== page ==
Maxitrol sterile ophthalmic ointment for ocular inflammation


Sterile Ophthalmic Ointment


MAXITROL ® (Dexamethasone 0.1 %, Neomycin Sulfate, Polymyxin 8 Sulfate) is a multiple dose anti- infective steroid combination in sterile ointment form for topical application,
This ophthalmic preparation of Maxitror combines two antibiotics offering broad spectrum antibacterial activity with the anti-inflammatory activity of a new corticosteroid, dexamethasone, for combating certain microbial infections of the anterior segment of the eye(s). Each gram of ointment contains:


Dexamethasone 0.1 %, Neomycin Sulfate equivalent to Neomycin 3.5 mg/g, Polymyxin 8Sulfate 6,000 units/g.


Methylparaben 0.05 %, Propylparaben 0.01 %. Inactive: White Petrolatum, Anhydrous Liquid Lanolin.


Corticoids suppress the inflammatory response to a variety of agents and they probably delay or slow healing. Since corticoids may inhibit the body’s defense mechanism against infection, a concomitant antimicrobial drug may be used when this inhibition is considered to be clinicall si nificant in a particular case.
The anti-infective component in the combination is included to provide action against specific organ- isms susceptible to it. Neomycin Sulfate is considered active against the following microorganisms:
Staphylococcus aureus, Corynebacterium diphtheriae, Streptococcus viridans, Escherichia coli, Klebsiella pneumoniae, Proteus vulgaris, Aerobacter aerogenes, and Haemophilus influenzae. POlymyxin 8 Sulfate is considered active–against th following microorganisms: Pseudomona aeruginosa, Aerobacter aerogenes, Escherichia coli, Klebsiella pneumoniae, and Koch-Weeks bacillus.
When a decision to administer both a corticoid and an antimicrobial is made, the administration of such drugs in combination has the advantage of greater patient compliance and convenience, with the added assurance that the appropriate dosage of both drugs is administered, plus assured compatibility of
ingredients when both types of drugs are in the same formulation and, particularly, that the correct volume of drug is delivered and retained.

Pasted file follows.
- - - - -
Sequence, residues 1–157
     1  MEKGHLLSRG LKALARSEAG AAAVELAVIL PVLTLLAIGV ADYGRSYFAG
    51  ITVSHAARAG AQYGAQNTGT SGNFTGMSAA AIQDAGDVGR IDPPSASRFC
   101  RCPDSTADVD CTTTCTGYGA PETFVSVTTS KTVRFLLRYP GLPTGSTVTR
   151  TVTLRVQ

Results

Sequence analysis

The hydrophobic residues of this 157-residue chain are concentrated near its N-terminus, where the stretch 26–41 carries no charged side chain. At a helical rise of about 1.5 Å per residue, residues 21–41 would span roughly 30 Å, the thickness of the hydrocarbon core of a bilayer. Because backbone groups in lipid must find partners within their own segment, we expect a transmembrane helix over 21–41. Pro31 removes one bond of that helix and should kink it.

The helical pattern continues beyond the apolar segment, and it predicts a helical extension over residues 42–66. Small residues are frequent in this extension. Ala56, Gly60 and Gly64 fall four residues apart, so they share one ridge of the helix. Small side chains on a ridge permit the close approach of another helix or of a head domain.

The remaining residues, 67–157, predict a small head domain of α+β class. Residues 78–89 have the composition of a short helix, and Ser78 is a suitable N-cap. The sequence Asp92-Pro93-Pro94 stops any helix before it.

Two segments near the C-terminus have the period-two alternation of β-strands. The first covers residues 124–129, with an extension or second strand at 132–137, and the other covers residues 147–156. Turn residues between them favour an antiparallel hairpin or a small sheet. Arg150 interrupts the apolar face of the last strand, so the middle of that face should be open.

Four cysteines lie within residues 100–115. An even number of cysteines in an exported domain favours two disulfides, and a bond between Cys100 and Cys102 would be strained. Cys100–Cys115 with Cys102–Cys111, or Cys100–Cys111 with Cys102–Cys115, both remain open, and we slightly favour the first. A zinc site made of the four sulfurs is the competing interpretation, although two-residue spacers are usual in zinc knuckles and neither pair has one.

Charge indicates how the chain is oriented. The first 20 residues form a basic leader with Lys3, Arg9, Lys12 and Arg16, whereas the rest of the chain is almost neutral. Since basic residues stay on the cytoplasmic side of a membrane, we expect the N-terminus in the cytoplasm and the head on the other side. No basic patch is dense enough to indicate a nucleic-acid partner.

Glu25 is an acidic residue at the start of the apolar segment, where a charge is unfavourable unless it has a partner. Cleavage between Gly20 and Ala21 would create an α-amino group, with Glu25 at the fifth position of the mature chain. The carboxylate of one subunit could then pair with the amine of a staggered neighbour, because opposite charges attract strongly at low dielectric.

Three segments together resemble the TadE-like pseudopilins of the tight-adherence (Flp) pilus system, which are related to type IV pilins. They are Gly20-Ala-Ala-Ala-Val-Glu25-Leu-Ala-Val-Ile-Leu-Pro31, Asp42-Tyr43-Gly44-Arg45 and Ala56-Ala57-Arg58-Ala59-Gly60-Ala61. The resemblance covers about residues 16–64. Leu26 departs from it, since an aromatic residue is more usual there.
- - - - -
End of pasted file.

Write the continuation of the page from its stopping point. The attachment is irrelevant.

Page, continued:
The relative potency of corticosteroids depends on the molecular structure, concentration and release from the vehicle.


MAXITROL is indicated in ocular inflammation when concurrent use of an antimicrobial is judqed, necessary.


Epithelial herpes simplex keratitis (dendritic keratitis), vaccinia, varicella, and many other viral diseases of the cornea and conjunctiva. Mycobacterial infection of the eye. Fungal diseases of ocular structures. Hypersensitivity to a component of the medication. (Hypersensitivity to the antibiotic component occurs at a higher rate than for other components).
The use of this combination is always contraindicated after-uncomplicated removal of a corneal foreign body.


Prolonged use may result in glaucoma, with damage to the optic nerve, defects in visual acuity and fields of vision, and posterior subcapsular cataract formation. Prolonged use may suppress the host response and thus increase the hazard of secondary ocula infections. In those diseases causing thinning of the cornea or sclera, perforations have been known to occur with the use of topical steroids. In acute purulent conditions of the eye, steroids may mask infection or enhance existing infeotlon. If these products are used for 10 days or longer, intraocular pressure should be routinely monitored even though it may be difficult in children and uncooperative patients. Employment of steroid medication in the treatment of herpes simplex requires great caution.


The initial prescription and renewal of the medication order beyond 8 g should be made by a physician only after examination of the patient with the aid of magnification such as slit lamp biomicroscopy and, where appropriate, fluorescein staining. The possibility of persistent fungal infections of the cornea should be considered after prolonged steroid dosing.


Adverse reactions have occurred with steroid/anti-infective combination drugs which can be attributed to the steroid component, the anti-infective component, or the combination. Exact incidence figures are not available since no denominator of treated patients is available.  Reactions occurring most often from the presence of the anti-infective ingredient are allergic sensitizations. The reactions due to the steroid component in decreasing order of frequency are:
elevation of intraocular pressure (lOP) with possible development of glaucoma, and infrequent optic ?erve damage: posterior subcapsular cataract formation: and delayed wound healing. Secondary infection.” The development of secondary infection has occurred after use of combinations containing steroids and antimicrobials. Fungal infections of the cornea are particularly prone to develop coincidentally with long-term applications of steroid. The possibility of fungal invasion must be considered in any persistent corneal ulceration where steroid treatment has been used. Secondary bacterial ocular infection following suppression of host responses also occurs.


MAXITROL ® Ointment: Apply a small amount into the conjunctival sac(s) up to three or four times daily or, may be used adjunctively with drops at bedtime.


Maxitrol supplied in 5 ml sterile Drop-Tamer” dispensers. (Rx)
Maxitrol Ointment in a 3.5 g ophthalmic tube.

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